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vision zero article in washington post is interesting
Thanks! Vision Zero podcast coming up next week with Leah Shahum from the NY Symposium.
Feels like we are on the cusp of a seed change in cycling. Getting so I can’t support my bikes. Parts are disappearing. Rim brake rims, 5 arm cranks and chainrings, triple cranksets, rim brake hubs, 10s parts let alone 9s, 8s etc., Non-tubless tires, Non-disc forks, etc etc. The marketers say “you must buy road bike discs” and the sheep march to the tune. Solutions without problems.
Then on the horizon are eBikes which threaten to complete eliminate non-electric bicycles. On a recent tour from Munich to Verona Italy over 50% of the bikes on the trails were eBikes. Visited familiar high-end road bike shop and it was so different. Owner said high-road bikes were now a niche and he made his living selling eBikes 80%. Volume sales drive everything in the mass production world.
Will take longer in the US because no one commutes but as volume brings prices now manufacturers are going to be pushing the ebike. More consumables for the seller in the form of batteries and bikes that don’t have to be sold on performance basis. Lightness or fineness of components is unimportant.
I can see a time soon when our world is gone.
You might also find a good interview with Lloyd Alter of treehugger.com on his point of view of bikes of a green transportation society.
Thank you for writing!
I know we are on the receding edge of what we all knew as “road bikes” – but, the niches that are the Handmade Show or the Builder’s Ball or even French Fender Days still keep me engaged.
What goes around comes around and, even though E-Bikes will be a huge part of the story, they will never “replace” bicycles. More people riding will, hopefully, make the roads safer though.
It remains to be seen – and, I will still hold out hope that some diligent parents will “teach their children well.”
There are many of us still riding, and even building, 9 and 10 speed bikes as if they’re brand new.
Some newer stuff is legitimately superior. For myself, and most of my customer base, the benefits of discs may never overcome the drawbacks, and it is indeed discouraging to see the non-disc choices diminishing, especially with the marketing clout of the major parts manufacturers. Options, mostly aftermarket, do remain however, and may never disappear entirely.
11-speed finally made triples obsolete. It took several generations, but the operation, reliability, crispness, light-weight, gear-range, performance, and (debate-ably) even appearance have indeed surpassed what triples had to offer. This is one of those rare instances when I say, “Just do it. It is better, and it is worth it.”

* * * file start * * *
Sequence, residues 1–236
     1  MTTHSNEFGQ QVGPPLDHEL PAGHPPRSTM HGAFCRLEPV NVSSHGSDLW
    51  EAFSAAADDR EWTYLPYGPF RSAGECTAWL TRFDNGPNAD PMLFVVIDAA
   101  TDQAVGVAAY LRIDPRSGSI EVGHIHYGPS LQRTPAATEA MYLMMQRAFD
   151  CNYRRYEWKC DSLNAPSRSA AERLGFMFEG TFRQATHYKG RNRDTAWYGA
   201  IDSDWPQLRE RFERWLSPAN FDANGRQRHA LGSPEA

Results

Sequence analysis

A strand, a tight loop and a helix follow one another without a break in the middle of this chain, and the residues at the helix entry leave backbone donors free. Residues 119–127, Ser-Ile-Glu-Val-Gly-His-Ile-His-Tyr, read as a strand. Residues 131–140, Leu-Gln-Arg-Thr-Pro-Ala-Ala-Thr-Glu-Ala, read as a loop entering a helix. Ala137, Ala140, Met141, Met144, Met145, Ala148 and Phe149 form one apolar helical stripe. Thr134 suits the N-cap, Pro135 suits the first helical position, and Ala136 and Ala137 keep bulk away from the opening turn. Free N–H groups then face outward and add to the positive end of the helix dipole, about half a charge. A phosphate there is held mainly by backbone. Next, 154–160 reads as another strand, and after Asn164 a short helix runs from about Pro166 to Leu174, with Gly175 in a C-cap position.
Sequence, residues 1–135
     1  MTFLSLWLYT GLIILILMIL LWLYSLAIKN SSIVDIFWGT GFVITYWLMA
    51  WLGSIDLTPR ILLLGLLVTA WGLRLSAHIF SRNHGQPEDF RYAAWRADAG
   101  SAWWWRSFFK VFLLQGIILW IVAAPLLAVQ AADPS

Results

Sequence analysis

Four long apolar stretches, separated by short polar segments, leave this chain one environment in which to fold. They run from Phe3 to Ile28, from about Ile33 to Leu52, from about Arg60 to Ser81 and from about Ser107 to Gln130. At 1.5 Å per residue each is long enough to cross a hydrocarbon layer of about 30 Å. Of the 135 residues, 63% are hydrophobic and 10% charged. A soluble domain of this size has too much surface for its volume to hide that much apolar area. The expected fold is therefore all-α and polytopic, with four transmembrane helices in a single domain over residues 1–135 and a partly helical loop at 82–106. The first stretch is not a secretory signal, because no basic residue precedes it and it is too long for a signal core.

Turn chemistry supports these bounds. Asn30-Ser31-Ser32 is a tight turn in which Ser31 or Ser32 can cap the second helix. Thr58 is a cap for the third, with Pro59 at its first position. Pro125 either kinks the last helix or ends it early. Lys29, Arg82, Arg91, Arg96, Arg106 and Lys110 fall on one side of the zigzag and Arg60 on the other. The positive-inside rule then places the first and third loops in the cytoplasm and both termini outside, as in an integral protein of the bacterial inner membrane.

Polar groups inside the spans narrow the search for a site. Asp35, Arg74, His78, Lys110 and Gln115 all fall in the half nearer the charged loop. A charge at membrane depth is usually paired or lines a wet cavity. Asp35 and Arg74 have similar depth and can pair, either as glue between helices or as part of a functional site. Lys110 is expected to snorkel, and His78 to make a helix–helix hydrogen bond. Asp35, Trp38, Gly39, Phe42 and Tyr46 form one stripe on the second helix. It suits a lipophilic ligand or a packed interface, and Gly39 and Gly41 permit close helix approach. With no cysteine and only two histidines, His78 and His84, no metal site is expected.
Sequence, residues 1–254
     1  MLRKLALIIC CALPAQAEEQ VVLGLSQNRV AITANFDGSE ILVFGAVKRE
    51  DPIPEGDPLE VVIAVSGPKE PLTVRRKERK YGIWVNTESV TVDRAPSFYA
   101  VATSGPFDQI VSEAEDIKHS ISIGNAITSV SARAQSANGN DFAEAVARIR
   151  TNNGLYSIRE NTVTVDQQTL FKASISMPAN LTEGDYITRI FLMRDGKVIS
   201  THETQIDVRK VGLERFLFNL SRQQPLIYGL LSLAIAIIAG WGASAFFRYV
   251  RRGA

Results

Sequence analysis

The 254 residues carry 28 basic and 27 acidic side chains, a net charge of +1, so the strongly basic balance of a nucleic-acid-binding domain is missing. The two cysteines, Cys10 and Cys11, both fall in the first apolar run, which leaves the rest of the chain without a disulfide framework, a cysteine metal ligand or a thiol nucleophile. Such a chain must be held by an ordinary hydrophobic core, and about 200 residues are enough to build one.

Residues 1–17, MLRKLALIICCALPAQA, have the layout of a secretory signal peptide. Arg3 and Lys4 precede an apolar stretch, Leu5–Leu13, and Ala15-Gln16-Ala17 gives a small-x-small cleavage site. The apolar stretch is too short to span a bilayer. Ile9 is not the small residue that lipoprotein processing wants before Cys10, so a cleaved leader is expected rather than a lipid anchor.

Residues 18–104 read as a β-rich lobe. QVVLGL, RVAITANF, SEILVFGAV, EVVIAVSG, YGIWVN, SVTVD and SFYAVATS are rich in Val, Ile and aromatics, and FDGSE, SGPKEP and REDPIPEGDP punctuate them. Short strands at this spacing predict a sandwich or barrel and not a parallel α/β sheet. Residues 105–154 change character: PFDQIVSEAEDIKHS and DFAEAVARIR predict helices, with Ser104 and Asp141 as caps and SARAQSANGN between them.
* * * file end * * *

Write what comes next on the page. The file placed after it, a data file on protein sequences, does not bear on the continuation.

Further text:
(I have exquisite 5-speed, 7-speed, 9-speed, and 10-speed bikes, and they’re perfect as they are – all with top-end components – so I’ll not be changing any them, but my 11-speed is far superior to all of them.)
There are still several great choices for rim-brake rims, including Velocity, DT-Swiss, HED, Velo-Orange, H+Son, Alex, etc. For classic cranks, we have Phil Wood, White Industries, Stronglight, SpecialtiesTA, Sugino, IRD, and Rene Herse (3-arm).
I too am heartbroken by the loss of non-disc hub choices, especially the recent elimination of Ultegra and Dura-Ace.
As for eBikes… I’m hesitant to disagree that they’ll make pure-pedal bikes a niche, but E-assist bikes are in their infancy of development, and have a long way to go before we can lament the elimination of pure-pedal bikes. It’s hard to argue that more people on bikes, of any type, is a negative thing.
Today we spend large percentages of our income on smartphones, tablets, and computing technology, because 1.) they magically deteriorate every couple years, 2.) it’s easy to lump the payments into the data plan so it feels like they’re free, and 3.) in many cases it’s challenging to “keep up” in today’s society with anything less. Only a couple decades ago we spent in one year, on a landline, less than many spend in a month now for mobile access. This is far more than inflation, and it’s insane.
Only a couple decades ago $500 bought you a great bike you intended to enjoy for… Well, perhaps forever, and $2000 bought you an exquisite handmade machine that really would last a lifetime. Now it’s “normal” to NEED a new $6000+ foreign-made disposable carbon marvel every 2-3 years. I’ve made my living building and selling expensive custom bicycles but, much like the smartphone craze, this is not inflation, and it’s insane.
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